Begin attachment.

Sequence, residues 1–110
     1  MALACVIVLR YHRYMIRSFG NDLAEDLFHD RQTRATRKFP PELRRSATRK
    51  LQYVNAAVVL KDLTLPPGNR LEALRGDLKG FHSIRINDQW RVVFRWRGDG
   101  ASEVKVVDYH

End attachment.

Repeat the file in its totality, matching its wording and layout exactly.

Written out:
Sequence, residues 1–110
     1  MALACVIVLR YHRYMIRSFG NDLAEDLFHD RQTRATRKFP PELRRSATRK
    51  LQYVNAAVVL KDLTLPPGNR LEALRGDLKG FHSIRINDQW RVVFRWRGDG
   101  ASEVKVVDYH